Belfast Mini Mills designs and manufactures fiber processing machines – machines which allow the processing of animal and plant fibers into yarn.  Around the world, Belfast Mini Mill equipment is processing fiber from Alpaca, Llama, Camel, Muskox (Qiviut), Cashmere, Yak, Mountain Goat, Angora Rabbit, most varieties of Sheep’s Wool, Buffalo, Husky, Samoyed and other Breeds of dog, Persian Cat, Hemp, Flax, Long Staple Cotton, Bamboo, Polypropylene, other Nylon Blends, Silk, Mohair and Carbon Nanotubes.  You can find most of these luxury fibers available in the Belfast Mini-Mills’ Fiber Store where 99% of the fibers and products are made on site by them!

Weaving Lesson at Belfast Mini Mill

The Fiber Store is open annually from June 1st – September 30th, 10:00 a.m. to 5:00 p.m.  In the off season the store is open by chance or by appointment.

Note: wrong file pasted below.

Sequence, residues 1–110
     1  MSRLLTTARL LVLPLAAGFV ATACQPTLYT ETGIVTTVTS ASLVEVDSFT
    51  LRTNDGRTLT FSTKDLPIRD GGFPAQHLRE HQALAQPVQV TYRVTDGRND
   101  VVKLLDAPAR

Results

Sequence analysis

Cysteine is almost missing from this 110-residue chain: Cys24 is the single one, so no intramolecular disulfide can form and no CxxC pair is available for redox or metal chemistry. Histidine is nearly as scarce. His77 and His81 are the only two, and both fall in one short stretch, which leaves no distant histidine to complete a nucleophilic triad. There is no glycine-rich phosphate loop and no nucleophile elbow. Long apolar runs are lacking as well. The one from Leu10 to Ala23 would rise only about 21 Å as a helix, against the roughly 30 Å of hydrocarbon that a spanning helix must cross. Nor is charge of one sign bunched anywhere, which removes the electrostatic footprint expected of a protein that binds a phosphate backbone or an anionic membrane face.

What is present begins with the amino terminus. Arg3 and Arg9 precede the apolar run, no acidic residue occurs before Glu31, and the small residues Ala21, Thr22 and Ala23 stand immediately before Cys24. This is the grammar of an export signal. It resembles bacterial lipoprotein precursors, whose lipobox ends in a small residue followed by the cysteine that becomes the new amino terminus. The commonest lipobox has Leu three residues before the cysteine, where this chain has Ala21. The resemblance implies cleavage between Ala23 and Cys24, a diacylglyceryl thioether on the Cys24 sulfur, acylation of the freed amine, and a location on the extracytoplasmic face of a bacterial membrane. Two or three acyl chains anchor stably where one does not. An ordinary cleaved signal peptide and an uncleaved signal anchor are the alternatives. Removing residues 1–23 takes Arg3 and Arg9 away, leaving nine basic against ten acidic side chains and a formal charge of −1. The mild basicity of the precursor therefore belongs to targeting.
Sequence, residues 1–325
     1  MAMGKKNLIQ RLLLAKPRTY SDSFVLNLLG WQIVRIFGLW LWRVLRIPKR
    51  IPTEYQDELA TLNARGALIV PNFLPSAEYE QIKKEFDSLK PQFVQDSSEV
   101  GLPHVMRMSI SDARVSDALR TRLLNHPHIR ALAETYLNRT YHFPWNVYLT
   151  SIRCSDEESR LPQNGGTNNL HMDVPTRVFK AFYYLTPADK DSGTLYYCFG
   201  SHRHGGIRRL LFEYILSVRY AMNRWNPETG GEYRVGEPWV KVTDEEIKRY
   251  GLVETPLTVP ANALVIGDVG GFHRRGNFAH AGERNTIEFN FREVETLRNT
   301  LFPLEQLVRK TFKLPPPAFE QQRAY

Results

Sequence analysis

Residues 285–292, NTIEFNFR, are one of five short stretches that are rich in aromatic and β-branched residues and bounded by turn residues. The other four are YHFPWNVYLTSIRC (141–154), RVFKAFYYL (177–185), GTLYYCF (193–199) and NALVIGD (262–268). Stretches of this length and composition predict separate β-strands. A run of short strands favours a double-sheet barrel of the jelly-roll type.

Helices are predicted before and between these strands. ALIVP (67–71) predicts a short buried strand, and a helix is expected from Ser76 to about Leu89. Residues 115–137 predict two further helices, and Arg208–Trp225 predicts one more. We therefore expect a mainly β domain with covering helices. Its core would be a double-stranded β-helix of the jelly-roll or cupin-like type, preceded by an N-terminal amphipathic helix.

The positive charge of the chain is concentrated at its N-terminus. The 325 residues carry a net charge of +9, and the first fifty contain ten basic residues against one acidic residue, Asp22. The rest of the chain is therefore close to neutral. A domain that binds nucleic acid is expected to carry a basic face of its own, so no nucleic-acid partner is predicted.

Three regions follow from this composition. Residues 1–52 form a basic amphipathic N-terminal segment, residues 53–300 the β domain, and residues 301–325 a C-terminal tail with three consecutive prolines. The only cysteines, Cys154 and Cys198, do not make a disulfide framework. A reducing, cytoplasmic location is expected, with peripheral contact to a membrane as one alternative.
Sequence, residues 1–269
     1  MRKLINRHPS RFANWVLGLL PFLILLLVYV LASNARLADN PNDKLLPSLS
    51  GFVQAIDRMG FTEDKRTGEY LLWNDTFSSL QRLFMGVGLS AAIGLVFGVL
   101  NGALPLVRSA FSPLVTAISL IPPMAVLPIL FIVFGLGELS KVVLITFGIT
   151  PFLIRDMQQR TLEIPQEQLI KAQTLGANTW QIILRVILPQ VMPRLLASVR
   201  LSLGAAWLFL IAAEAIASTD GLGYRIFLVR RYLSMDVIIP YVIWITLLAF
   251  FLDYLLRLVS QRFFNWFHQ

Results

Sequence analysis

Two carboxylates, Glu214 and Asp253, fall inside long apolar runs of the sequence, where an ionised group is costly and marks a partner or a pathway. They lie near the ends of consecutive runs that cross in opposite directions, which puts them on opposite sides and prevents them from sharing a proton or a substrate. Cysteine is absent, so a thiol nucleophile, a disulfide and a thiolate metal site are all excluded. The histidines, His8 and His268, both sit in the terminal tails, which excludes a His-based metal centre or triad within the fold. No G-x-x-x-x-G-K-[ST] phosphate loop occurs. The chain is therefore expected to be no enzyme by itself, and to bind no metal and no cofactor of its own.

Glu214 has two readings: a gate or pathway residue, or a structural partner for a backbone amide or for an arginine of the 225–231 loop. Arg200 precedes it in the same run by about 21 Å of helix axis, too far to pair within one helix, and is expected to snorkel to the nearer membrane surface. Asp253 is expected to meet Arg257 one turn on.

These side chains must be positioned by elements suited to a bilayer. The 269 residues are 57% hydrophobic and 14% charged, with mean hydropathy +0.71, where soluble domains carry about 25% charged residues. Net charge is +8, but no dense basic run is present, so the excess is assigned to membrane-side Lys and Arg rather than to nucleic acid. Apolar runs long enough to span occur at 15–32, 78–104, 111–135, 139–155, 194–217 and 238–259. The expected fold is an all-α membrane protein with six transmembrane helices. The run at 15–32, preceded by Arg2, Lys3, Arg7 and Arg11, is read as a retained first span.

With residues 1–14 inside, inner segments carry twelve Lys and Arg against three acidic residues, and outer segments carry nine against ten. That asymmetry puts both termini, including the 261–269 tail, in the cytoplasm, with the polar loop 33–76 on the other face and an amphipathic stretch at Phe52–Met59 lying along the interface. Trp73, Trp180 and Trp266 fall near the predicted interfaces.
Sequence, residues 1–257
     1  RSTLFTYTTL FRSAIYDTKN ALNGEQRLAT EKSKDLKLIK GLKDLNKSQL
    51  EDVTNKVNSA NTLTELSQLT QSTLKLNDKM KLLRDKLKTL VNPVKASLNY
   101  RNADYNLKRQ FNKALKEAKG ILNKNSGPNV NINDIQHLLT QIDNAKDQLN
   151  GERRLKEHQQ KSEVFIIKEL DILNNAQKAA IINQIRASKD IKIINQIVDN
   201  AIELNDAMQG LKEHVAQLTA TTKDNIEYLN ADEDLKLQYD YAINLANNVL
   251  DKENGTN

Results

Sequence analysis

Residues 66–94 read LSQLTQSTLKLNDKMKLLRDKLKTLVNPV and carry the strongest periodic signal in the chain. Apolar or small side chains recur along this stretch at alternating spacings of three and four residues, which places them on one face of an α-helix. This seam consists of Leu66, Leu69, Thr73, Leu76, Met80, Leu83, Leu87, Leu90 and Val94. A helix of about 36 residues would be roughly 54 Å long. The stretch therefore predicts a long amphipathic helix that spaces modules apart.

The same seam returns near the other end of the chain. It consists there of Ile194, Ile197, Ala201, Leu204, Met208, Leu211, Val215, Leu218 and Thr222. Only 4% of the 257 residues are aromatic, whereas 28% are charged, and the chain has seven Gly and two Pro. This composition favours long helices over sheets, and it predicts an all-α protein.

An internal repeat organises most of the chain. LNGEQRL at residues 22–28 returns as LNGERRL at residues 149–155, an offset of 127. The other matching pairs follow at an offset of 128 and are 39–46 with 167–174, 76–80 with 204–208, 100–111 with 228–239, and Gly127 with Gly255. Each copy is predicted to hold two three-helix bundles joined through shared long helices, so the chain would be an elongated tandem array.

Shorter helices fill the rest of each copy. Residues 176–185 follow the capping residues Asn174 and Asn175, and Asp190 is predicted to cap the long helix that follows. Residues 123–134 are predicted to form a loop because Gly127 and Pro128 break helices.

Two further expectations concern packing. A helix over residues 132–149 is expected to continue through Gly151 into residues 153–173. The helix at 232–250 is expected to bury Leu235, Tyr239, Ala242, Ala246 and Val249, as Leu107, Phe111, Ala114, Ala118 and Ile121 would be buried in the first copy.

To raise your daily fiber intake, Belfast Mini Mills offers classes in Knitting, Rug Hooking, Weaving, Felting, and Colour Theory.  Try one of these fiber-increasing habits while visiting us on P.E.I!

Many of our inns and B&B’s are within an hour or less of the Belfast Mini-Mills to allow you to get all the fiber you need and for your convenience.  Check out our “At A Glance” chart to select which of our inns and B&B’s suit your personality and needs best.

Are you a fiber artist?  Have you visited the Mill before?  Share with us your experience and/ or your photographs of your finished artwork.  We’d love to see what you’ve created!

Enjoy Summer to its Fullest